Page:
More information: Like most activities, drawing helps with all areas of development. Children can at times draw to express themselves and you can use this activity to engage and connect with your child. Not only does it stimulate their creative and imaginative skills, it helps children extend their concentration skills. Motorically, drawing helps with manipulative skills (i.e., using a refined grasp when holding a writing utensil) and serves as a foundation for successful handwriting.

 

Digging. Encourage your child to hide his favorite toys under the sand by scooping, shoveling, or pouring sand over the items. Have your child look for the toys.

More information: digging-type of activities provides opportunities for a child to use hand-eye coordination while grading their strength for digging, pulling, scooping, and shoveling varying amounts of sand. Digging also provides a child with a rich tactile experience when they use their hands to look for toys.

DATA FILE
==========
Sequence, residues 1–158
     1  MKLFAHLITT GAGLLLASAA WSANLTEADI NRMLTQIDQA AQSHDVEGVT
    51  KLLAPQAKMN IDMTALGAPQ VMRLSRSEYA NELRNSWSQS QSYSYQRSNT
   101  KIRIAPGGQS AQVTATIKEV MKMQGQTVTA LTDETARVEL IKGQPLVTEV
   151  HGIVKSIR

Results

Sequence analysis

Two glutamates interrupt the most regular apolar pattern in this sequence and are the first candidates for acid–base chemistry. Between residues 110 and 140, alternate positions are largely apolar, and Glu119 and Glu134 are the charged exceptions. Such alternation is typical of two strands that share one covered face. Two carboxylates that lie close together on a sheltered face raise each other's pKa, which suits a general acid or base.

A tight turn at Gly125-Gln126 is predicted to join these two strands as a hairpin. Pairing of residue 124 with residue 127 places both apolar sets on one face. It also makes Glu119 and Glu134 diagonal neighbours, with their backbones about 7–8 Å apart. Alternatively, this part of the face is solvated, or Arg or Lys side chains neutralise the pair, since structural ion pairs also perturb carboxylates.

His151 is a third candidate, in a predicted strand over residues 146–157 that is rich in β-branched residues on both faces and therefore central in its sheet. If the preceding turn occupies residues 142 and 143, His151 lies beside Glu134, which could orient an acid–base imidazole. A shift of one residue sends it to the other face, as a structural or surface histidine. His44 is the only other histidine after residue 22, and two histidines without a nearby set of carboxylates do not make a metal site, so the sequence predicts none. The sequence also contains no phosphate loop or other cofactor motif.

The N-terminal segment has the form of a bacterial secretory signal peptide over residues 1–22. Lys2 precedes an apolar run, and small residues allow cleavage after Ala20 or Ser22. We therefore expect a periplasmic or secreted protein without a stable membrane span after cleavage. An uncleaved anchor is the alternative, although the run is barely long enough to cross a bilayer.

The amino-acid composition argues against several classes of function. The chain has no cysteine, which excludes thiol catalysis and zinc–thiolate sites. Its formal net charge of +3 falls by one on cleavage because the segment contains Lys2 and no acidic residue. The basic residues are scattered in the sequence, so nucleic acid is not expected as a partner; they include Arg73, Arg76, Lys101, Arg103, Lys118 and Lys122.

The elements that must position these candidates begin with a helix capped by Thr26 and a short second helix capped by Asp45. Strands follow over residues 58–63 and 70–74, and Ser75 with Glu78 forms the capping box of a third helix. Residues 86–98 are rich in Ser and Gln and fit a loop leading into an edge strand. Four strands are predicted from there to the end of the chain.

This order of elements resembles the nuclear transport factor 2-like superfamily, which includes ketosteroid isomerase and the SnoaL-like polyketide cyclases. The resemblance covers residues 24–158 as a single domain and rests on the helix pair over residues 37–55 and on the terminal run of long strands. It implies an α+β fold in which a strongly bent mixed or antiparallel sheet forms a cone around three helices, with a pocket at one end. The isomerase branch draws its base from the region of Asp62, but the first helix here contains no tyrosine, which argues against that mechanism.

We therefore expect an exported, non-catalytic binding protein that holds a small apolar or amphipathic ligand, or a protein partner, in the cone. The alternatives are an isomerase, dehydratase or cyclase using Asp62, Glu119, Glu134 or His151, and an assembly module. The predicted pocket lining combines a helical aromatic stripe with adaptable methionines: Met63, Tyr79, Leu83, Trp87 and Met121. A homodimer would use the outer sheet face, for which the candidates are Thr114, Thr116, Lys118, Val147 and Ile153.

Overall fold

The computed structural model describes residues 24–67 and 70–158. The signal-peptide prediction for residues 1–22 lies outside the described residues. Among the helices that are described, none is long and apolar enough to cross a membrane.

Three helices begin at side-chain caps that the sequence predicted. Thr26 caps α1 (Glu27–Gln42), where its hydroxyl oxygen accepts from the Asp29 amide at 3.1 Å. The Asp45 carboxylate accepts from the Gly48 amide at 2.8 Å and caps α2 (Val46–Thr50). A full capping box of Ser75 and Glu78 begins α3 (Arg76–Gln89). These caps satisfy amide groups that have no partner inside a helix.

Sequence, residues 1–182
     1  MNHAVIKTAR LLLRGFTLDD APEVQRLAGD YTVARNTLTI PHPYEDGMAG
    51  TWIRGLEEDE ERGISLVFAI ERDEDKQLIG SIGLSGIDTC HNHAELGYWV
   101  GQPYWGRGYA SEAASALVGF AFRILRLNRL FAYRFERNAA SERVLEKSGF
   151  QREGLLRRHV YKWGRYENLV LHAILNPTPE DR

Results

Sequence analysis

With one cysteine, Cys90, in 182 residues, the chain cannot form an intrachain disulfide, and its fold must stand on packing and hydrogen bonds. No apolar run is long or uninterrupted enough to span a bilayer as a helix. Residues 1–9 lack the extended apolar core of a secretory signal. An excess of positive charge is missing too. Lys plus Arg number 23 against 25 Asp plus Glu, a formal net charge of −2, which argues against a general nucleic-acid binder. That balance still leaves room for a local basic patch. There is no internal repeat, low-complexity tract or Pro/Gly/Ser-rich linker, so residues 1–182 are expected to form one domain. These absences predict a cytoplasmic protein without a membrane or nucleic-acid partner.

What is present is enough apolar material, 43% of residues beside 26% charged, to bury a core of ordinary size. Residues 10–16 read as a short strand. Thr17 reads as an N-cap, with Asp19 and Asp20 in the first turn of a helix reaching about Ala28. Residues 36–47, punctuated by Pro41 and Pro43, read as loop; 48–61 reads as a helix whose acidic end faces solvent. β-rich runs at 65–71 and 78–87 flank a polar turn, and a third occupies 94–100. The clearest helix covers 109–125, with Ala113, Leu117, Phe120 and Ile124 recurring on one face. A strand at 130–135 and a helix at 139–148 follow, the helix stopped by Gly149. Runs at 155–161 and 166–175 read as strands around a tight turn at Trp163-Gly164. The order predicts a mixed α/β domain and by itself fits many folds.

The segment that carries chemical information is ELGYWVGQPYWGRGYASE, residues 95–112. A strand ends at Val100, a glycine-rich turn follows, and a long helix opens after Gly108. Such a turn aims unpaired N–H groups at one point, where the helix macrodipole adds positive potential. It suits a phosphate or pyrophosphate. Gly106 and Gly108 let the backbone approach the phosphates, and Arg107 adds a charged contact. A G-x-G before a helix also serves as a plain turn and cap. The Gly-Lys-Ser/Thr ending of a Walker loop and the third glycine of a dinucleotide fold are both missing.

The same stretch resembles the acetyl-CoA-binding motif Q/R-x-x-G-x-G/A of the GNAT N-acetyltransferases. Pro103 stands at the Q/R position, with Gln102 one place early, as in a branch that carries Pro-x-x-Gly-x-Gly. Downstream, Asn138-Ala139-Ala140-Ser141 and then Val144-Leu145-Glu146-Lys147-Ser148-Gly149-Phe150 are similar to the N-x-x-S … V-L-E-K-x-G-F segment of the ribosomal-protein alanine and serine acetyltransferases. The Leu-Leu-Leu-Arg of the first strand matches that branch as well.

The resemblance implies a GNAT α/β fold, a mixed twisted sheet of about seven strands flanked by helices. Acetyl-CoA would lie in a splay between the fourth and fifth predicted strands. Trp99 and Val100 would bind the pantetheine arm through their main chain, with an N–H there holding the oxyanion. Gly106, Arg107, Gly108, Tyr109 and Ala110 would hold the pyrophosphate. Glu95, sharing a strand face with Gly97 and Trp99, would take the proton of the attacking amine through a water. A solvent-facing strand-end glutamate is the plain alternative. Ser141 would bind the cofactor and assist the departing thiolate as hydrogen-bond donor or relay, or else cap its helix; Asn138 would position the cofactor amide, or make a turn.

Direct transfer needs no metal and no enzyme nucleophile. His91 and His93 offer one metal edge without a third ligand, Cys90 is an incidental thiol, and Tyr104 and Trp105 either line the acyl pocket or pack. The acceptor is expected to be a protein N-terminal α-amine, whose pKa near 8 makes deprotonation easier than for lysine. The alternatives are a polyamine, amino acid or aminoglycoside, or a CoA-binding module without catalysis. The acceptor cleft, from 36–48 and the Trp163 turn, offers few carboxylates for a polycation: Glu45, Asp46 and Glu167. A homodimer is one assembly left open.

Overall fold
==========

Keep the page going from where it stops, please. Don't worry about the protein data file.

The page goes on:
Cooking. Have your child help with stirring, pouring, cutting, rolling, and mixing.

More information: Cooking fosters opportunities to target all areas of development. Following directions from adults requires strong receptive communication skills (listening), attention and memory (cognitive task), and effective social interaction skills; and helps promote independence in self-care skills. Like digging in the sand, cooking offers children a wonderful sensory experience while touching, smelling, and tasting foods; and promotes fine motor development to help with more advanced tasks.

 

Cutting. Introduce your child to scissors. Cut a variety of different things such as play dough, paper, and straws. When he has control of using scissors have him snip pieces of papers, then lines, and eventually move to designs and shapes.

More information: cutting allows a child to work on the small muscles in the fingers and palms of their hands through continuous opening and closing of the hand. The same muscles are used for gripping things like writing and eating utensils, toothbrush, and putting on socks and pants.

 

Puzzles. Introduce varying degrees of difficulty for puzzle play. Start with two-piece large knob puzzles and move to five-piece puzzles without knobs. Have your child put coins in a piggy bank or complete shape sorter cubes.